Toshiba Corp., the world's No.2 maker of flash memory, on Wednesday warned that profits in its chip business could fall short of expectations, citing weak PC sales, faltering U.S. and European economies and a higher yen.
"We have not given up yet, but there is risk of undershooting," said Kiyoshi Kobayashi, head of Toshiba's semiconductor unit, referring to the firm's operating profit forecast for its semiconductor business in April-September of 55 billion yen ($712 million).
"Usually, we start to see a pickup in demand for NAND (flash memory chips at this time of year), it is coming a bit late. And the yen's gains have just been too big," Kobayashi told analysts and reporters.
The company's chip business posted an operating profit of 1.6 billion yen for the April-June quarter, down more than 90 percent from a year earlier.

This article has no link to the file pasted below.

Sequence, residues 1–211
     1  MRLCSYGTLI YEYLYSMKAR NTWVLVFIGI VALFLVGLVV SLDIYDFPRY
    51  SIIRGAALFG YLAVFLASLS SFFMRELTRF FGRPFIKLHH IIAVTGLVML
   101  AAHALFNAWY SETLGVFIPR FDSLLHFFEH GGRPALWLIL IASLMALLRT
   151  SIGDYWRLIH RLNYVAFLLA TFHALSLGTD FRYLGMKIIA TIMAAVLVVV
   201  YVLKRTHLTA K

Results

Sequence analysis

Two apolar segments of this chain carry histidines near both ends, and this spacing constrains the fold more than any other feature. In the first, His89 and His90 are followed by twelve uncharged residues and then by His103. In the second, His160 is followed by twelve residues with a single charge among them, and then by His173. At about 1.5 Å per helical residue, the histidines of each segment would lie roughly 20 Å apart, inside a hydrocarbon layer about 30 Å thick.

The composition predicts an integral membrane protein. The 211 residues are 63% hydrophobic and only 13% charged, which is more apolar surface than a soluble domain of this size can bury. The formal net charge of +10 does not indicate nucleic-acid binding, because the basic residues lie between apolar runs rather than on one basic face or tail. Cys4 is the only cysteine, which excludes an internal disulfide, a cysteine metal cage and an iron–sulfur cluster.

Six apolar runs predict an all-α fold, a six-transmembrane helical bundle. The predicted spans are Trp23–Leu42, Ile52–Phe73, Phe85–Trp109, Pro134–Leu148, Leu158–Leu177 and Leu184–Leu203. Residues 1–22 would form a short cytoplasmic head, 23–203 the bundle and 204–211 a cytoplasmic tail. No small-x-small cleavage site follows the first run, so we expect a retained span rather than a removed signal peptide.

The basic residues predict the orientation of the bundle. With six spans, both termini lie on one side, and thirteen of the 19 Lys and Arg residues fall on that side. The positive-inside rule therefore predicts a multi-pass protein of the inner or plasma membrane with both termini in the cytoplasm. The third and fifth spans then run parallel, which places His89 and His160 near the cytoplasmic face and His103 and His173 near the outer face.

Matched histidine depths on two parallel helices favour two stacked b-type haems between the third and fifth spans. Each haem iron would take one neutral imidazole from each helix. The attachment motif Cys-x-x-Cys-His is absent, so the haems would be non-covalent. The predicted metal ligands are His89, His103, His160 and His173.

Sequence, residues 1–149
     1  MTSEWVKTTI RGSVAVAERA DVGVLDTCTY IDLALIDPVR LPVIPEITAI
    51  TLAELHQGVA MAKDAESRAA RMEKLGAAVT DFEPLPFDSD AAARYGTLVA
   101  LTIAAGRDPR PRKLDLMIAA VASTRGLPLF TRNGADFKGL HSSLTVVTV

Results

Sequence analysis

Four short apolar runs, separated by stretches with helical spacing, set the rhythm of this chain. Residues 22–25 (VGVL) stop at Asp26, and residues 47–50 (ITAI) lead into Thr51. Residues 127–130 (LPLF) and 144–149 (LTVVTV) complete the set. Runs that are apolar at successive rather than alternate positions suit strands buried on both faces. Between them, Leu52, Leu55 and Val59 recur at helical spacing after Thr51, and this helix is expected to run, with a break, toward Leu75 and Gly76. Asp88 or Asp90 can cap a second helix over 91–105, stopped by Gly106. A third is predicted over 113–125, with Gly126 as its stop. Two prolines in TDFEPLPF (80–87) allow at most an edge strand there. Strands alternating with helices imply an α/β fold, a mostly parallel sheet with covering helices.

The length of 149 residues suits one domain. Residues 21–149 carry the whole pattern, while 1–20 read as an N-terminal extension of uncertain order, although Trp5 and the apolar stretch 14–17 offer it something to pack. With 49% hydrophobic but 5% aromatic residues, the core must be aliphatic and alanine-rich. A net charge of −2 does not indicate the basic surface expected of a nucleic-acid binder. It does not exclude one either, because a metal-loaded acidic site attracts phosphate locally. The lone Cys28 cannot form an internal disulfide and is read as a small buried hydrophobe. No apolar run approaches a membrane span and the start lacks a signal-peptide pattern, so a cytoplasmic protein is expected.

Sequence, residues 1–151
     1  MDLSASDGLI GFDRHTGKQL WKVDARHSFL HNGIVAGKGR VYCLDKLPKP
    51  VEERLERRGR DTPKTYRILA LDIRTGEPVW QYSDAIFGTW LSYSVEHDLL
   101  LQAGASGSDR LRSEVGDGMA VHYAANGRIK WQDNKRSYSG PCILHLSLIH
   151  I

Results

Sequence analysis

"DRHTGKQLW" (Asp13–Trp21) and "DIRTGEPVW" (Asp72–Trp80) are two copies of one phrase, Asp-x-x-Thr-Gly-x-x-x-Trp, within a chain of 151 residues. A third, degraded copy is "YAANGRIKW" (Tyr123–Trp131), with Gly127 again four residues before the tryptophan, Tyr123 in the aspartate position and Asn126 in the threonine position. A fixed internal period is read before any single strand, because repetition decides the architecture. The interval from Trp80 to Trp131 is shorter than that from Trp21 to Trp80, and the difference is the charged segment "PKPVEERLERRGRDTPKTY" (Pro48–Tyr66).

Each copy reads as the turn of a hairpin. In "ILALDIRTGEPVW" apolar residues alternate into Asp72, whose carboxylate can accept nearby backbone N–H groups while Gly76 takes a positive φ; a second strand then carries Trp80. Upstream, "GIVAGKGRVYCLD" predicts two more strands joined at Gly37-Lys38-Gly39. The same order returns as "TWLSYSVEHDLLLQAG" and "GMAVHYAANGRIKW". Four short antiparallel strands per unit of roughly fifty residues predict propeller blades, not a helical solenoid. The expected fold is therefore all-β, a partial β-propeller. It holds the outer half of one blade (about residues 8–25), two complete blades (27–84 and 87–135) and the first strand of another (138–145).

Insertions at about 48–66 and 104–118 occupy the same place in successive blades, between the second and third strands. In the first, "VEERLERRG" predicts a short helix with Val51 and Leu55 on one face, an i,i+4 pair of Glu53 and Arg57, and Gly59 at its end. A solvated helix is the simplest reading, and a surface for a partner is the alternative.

While Kobayashi said the overall NAND market was "not so good," he added that Toshiba has been faring relatively well thanks to big clients that enjoy solid sales.
He said that price falls for its NAND flash memory chips have been much smaller than those traded in the spot market.
"We are doing various (business) with a company that has good mobile phone sales," he said, without naming the client.
Toshiba, which trails South Korea's Samsung Electronics, is a supplier to Apple Inc and has benefited from strong sales of tablet PCs and smartphones.
Prior to the briefing, Toshiba shares ended up 1.2 percent at 344 yen, in line with a 1.1 percent gain in the benchmark Nikkei average. ($1 = 77.290 Japanese Yen)
(Reporting by Kentaro Hamada and Taiga Uranaka; Editing by Joseph Radford)